Deborah KerrA cultured actress renowned for her elegance and dignity, Deborah Kerr was one of the leading ladies of Hollywood's Golden Age. Born Deborah Kerr-Trimmer in Helensburgh, Scotland, on September 30, 1921, she was first trained as a dancer at her aunt's drama school in Bristol, England. After winning a scholarship to the Sadlers Wells Ballet School, Kerr made her London stage debut at age 17 in Prometheus. Meanwhile, she developed an interest in acting and began getting bit parts and walk-ons in Shakespeare productions. While continuing to appear in various London stage plays, Kerr debuted onscreen in 1940 and went on to roles in a number of British films over the next seven years, often playing cool, reserved, well-bred young ladies. Her portrayal of a nun in Black Narcissus (1947) earned a New York Film Critics Best Actress award and led to an invitation from Hollywood to co-star opposite Clark Gable in The Hucksters. She remained in Hollywood, playing long-suffering, prim, proper, ladylike types until 1953, when she broke her typecast mold by portraying a passionate adulteress in From Here to Eternity, a part for which she had fought. Kerr's range of roles broadened further after that, and she began to appear in British films again. In 1953, Kerr debuted on Broadway to great acclaim in Tea and Sympathy, later reprising her role in the play's 1956 screen version. That same year, she starred as an English governess sent to tutor the children of the King of Siam in one of the most popular films of her career, The King and I. Kerr retired from the screen in 1969, having received six Best Actress Oscar nominations without an award, although she did receive an honorary Oscar in 1994. She had been honored with a special BAFTA award three years earlier in Britain, and, in 1998, she was further honored in her native land with a Companion of the Order of the British Empire. Kerr, who graced the screen one more time in the The Assam Garden in 1985, is married to novelist/screenwriter Peter Viertel. A cultured actress renowned for her elegance and dignity, Deborah Kerr was one of the leading ladies of Hollywood's Golden Age. Born Deborah Kerr-Trimmer in Helensburgh, Scotland, on September 30, 1921, she was first trained as a dancer at her aunt's drama school in Bristol, England. After winning a scholarship to the Sadlers Wells Ballet School, Kerr made her London stage debut at age 17 in Prometheus. Meanwhile, she developed an interest in acting and began getting bit parts and walk-ons in Shakespeare productions. While continuing to appear in various London stage plays, Kerr debuted onscreen in 1940 and went on to roles in a number of British films over the next seven years, often playing cool, reserved, well-bred young ladies. Her portrayal of a nun in Black Narcissus (1947) earned a New York Film Critics Best Actress award and led to an invitation from Hollywood to co-star opposite Clark Gable in The Hucksters. She remained in Hollywood, playing long-suffering, prim, proper, ladylike types until 1953, when she broke her typecast mold by portraying a passionate adulteress in From Here to Eternity, a part for which she had fought. Kerr's range of roles broadened further after that, and she began to appear in British films again. In 1953, Kerr debuted on Broadway to great acclaim in Tea and Sympathy, later reprising her role in the play's 1956 screen version. That same year, she starred as an English governess sent to tutor the children of the King of Siam in one of the most popular films of her career, The King and I. Kerr retired from the screen in 1969, having received six Best Actress Oscar nominations without an award, although she did receive an honorary Oscar in 1994. She had been honored with a special BAFTA award three years earlier in Britain, and, in 1998, she was further honored in her native land with a Companion of the Order of the British Empire. Kerr, who graced the screen one more time in the The Assam Garden in 1985, is married to novelist/screenwriter Peter Viertel. Kerr, who in recent years had Parkinson's disease, died Tuesday in Suffolk, in eastern England, her agent, Anne Hutton, said Thursday in London. She was 86.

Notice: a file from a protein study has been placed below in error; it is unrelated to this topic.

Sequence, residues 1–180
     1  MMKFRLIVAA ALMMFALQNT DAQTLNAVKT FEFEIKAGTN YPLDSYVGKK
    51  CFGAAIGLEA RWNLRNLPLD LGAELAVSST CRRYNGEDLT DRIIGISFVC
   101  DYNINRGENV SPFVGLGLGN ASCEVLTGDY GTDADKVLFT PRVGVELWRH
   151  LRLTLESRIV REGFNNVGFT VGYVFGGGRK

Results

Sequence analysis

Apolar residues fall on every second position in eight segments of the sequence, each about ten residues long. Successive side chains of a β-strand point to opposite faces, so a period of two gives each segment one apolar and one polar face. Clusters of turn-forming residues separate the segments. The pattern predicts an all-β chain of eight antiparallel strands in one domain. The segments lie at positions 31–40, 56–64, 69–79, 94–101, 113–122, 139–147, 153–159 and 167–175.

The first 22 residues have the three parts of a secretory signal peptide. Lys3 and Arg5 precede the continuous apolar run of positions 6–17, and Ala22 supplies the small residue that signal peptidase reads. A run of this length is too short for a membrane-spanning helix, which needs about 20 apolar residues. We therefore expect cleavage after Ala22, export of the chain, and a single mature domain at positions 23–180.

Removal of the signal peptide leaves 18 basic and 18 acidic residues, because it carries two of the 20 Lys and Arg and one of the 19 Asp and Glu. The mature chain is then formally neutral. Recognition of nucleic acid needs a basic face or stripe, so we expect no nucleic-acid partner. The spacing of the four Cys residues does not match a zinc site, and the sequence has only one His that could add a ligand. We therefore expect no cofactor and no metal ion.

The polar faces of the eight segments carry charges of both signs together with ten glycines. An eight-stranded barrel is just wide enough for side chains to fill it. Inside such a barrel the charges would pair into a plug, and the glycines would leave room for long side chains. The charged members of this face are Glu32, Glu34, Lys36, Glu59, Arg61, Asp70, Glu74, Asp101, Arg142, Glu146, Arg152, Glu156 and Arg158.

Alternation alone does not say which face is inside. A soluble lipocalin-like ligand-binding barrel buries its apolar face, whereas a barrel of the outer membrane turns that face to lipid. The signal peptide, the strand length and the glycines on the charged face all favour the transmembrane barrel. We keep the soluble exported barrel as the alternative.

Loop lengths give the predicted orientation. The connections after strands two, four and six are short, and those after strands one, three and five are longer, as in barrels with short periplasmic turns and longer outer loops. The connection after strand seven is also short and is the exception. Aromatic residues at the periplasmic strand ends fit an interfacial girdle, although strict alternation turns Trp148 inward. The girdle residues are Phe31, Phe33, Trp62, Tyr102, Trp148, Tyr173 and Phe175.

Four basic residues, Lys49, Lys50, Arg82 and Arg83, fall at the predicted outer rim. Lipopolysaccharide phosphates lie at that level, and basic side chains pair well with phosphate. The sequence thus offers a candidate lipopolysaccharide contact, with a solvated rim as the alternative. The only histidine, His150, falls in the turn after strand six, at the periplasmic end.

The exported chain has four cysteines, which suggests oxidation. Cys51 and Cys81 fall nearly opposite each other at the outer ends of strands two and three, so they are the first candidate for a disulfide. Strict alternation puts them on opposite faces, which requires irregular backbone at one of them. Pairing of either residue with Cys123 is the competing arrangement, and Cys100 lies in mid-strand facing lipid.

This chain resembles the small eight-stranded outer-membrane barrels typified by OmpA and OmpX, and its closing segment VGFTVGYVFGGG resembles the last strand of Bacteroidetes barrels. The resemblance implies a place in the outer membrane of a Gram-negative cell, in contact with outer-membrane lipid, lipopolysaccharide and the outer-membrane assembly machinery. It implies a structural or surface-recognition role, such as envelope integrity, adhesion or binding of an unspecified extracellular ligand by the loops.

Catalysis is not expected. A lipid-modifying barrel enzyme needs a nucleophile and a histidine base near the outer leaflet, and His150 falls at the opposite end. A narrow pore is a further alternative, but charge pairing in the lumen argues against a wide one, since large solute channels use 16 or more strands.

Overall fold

October 20 1977